After lunch the scenery became more arid.  With some fairly long (and fairly boring) roads.  However as each mile passed through villages and towns hewn from the red rock looking like something straight out of Star Wars, so our excitement increased about getting to our desert camp at Merzouga. We had heard a couple of days ago that the UK was suffering with bad air quality as a result of Saharan dust swirling above the South of England, making air pollution a real problem; as we climbed across the desert on windy roads we were starting to get a sense of those winds.  The 2CV’s were being buffeted around a bit, but they were doing well.  Because it is so rocky, with sparse vegetation, until you try to open the car door it is impossible to get a sense of how windy it actually is.  Yet still we passed lone nomadic Berbers going from A to B – often sitting on donkeys loaded with crops, wrapped up against the elements.  You start to see that the traditional dress is also completely practical – keeping the extremes of both wind and heat out in order to go about daily life.




The road fifty clicks away from Rissani  is a long stretch of road that was blighted both by huge pot holes and something else quite shocking – rubbish.  Thousands of plastic bags littered the area giving a new meaning to scrubland. Disappointing, shocking and a stark reminder to all of us about how ‘modern living’ impacts us all, everywhere.

Eventually the Erg Chebbi dunes stretch to the right and in front of us so we turn off the main road and start to follow a track (and our GPS particularly) out into the desert. We passed through a deserted mining outpost and into what can only be described as ‘moonscape’.  Looking ahead the horizon seems large and infinite and yet somehow two-dimensional at the same time.  Sometimes we seemed to be heading towards a great cliff of rock in the far distance (the border with Algeria) and other times large dunes loomed up in the middle-distance.  Time and space are a bit distorted here but we seemed to be driving for longer than we had anticipated before getting to our camp. According to our GPS we should have been reaching our destination point – but actually we had arrived at well, nothing – no camp, no 2 Cv’s … nothing.  Now was an unfortunate time for our GPS to have gone on the blink and we started to feel quite alone in a vast expanse of rock and sand.  Without any immediate points of reference  it would have been quite easy to have got completely and utterly lost. Luckily the GPS was still showing our route out, so it was quite easy after a slight feeling of mild panic on my part as the navigator, to retrace our route and get back to the little deserted ‘village’.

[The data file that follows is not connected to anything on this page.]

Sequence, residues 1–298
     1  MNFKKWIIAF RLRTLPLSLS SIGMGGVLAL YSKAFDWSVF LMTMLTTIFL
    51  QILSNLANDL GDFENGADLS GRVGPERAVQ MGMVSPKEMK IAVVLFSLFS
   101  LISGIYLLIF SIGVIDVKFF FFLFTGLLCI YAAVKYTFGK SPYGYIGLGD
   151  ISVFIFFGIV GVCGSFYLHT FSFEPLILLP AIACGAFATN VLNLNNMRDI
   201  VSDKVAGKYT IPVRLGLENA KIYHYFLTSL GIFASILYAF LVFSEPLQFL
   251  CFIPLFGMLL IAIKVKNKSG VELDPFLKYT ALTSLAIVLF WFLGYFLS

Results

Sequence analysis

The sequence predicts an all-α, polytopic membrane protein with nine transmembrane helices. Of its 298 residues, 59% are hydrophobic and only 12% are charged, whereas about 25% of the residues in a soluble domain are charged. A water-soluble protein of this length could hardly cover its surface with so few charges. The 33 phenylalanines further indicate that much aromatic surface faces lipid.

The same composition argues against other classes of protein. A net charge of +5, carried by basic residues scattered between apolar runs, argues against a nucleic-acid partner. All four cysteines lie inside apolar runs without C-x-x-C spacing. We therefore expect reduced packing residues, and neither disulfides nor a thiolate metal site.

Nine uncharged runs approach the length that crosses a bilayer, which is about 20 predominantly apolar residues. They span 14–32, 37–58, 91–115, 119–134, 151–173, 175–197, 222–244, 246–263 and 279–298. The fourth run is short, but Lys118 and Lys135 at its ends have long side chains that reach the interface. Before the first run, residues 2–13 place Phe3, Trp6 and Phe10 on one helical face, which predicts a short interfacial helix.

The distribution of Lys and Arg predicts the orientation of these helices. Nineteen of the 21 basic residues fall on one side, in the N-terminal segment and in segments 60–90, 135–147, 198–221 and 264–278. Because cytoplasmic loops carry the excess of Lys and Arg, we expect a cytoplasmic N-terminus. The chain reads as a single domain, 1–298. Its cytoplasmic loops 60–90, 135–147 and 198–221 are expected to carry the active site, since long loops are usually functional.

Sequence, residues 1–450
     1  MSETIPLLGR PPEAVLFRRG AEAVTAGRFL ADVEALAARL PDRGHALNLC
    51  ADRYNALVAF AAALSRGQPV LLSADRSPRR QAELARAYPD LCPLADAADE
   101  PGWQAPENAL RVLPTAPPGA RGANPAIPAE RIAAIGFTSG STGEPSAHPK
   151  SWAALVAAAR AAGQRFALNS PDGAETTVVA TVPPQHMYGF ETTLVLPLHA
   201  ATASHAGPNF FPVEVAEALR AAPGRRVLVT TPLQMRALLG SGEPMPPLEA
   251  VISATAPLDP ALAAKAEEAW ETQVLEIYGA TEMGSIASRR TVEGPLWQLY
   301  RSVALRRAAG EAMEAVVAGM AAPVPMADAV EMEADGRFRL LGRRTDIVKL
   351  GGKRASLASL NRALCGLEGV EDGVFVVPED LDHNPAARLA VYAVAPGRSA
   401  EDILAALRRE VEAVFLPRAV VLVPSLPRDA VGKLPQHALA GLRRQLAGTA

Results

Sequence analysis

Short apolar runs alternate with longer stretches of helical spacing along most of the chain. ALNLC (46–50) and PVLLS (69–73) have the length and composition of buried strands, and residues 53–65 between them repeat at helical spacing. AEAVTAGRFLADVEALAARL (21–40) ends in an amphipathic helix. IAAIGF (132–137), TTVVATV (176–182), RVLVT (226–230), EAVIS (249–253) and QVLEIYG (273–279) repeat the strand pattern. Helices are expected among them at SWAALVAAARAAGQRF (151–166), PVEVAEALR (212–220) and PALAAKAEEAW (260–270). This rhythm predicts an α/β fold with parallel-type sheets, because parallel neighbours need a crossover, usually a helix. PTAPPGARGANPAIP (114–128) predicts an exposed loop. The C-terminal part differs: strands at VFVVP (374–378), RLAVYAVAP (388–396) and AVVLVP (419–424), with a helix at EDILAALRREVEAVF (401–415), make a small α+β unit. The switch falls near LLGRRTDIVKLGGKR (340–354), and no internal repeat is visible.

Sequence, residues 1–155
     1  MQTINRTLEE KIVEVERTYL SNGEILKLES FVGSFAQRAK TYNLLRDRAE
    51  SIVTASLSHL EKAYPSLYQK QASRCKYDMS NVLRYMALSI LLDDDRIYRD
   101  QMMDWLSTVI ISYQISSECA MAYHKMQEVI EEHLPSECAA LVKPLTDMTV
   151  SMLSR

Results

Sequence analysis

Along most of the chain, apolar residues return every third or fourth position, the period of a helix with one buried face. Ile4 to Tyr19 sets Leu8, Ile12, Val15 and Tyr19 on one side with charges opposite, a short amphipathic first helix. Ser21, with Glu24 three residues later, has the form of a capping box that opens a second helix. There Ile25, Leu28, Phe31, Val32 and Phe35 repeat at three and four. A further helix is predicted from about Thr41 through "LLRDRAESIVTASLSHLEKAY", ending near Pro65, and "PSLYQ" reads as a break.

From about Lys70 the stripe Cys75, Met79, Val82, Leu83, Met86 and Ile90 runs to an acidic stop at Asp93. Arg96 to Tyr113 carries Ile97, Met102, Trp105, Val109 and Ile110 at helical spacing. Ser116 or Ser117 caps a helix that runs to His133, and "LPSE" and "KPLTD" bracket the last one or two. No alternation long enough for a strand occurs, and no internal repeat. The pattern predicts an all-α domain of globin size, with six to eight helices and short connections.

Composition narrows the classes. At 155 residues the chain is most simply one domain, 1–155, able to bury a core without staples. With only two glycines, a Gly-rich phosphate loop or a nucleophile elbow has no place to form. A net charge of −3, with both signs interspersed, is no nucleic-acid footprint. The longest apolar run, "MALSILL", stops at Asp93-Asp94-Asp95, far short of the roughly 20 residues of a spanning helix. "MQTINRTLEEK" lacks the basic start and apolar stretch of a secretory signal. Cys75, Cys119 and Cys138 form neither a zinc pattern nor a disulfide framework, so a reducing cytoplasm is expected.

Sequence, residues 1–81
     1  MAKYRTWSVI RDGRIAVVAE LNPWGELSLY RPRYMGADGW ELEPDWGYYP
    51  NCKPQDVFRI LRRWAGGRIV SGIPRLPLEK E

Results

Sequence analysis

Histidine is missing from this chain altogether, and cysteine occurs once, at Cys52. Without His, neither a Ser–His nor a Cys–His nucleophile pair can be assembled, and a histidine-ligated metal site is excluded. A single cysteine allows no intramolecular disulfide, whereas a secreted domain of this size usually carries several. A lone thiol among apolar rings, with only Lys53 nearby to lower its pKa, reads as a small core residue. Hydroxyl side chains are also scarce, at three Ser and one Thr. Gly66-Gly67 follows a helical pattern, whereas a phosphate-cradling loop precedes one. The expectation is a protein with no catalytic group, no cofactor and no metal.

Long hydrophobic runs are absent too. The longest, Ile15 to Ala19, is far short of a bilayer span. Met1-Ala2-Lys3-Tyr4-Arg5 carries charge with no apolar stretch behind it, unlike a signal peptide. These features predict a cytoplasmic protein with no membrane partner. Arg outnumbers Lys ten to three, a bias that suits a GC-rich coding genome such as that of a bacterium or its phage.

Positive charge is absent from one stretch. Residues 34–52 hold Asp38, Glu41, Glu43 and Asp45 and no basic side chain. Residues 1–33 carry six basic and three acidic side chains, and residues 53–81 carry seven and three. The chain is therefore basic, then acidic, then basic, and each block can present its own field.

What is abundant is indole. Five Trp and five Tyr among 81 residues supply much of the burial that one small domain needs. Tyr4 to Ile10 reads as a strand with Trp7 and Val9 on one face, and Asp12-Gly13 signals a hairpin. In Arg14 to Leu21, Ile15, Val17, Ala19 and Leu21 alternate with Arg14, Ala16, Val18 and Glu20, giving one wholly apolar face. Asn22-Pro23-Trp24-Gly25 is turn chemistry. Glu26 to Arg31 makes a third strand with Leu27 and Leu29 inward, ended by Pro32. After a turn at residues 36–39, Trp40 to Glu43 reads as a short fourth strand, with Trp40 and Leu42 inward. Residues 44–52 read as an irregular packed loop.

Images: Alex Broadway

Whilst trying to get our bearings without the use of any technology, it was with absolute joy that we saw John and Judith come to our rescue with their trustworthy sat nav and GPS and off we went again leaving plumes of dust in our wake until we reached the fantastic Camp La Belle Etoile.



I can honestly say it was the best glass of sweet ‘Berber Whiskey’ (mint tea) that we were presented with and that I have ever tasted.   The Camp is grouped around a central fire pit with an avenue of traditional tents making up your ‘room’ for the night.  Inside there is a double bed covered in a mosquito net and behind two curtains a loo and a shower.  The bed is soft, the tent colourful; out of the ordinary indeed – and far more luxurious than I was anticipating!


We just had enough time to drop our bags before walking up and out into the Sahara to watch sunset.  Fifteen minutes or so up dunes and along ochre coloured sandy ridges, before we settling down in small groups on different vantage points to watch a golden sun set over a land that only a few of the group had seen before.  We were awe-struck by the sheer chameleon-like beauty of it all. Many of us had been a bit parched and tired on arriving, but as soon as the sky and sand started to change colour and depth, that all soon dissipated as we let the beautiful aura and silence of the desert gently wrap itself around us.


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Top left hand corner image: Alex Broadway

We all had the most wonderful night.  After feasting on traditional Berber food including delicious sweet/savoury ‘pasties’ (or Berber Pizza’s as they were introduced) we were entertained around the fire pit.  Unlike the previous experience in Marrakesh which felt a bit Disney-esque, this was completely authentic and soon the rhythmic sound of singing and the beating of drums and percussion instruments (large castanet-type cymbols) had got most of us off our feet and dancing around, clapping and grinning from ear to ear.  When this all calmed down a number of us strolled up the dunes to lay on our backs and just look at the stars above (or below?) us.  The previous days temperature and fallen away and the sand was cool to touch, like water.   We managed to get back into the tent just as the lights most definitely went out at 11.30 as the generator stopped and we were plunged into a total and instant silence and darkness.


Image: Alex Broadway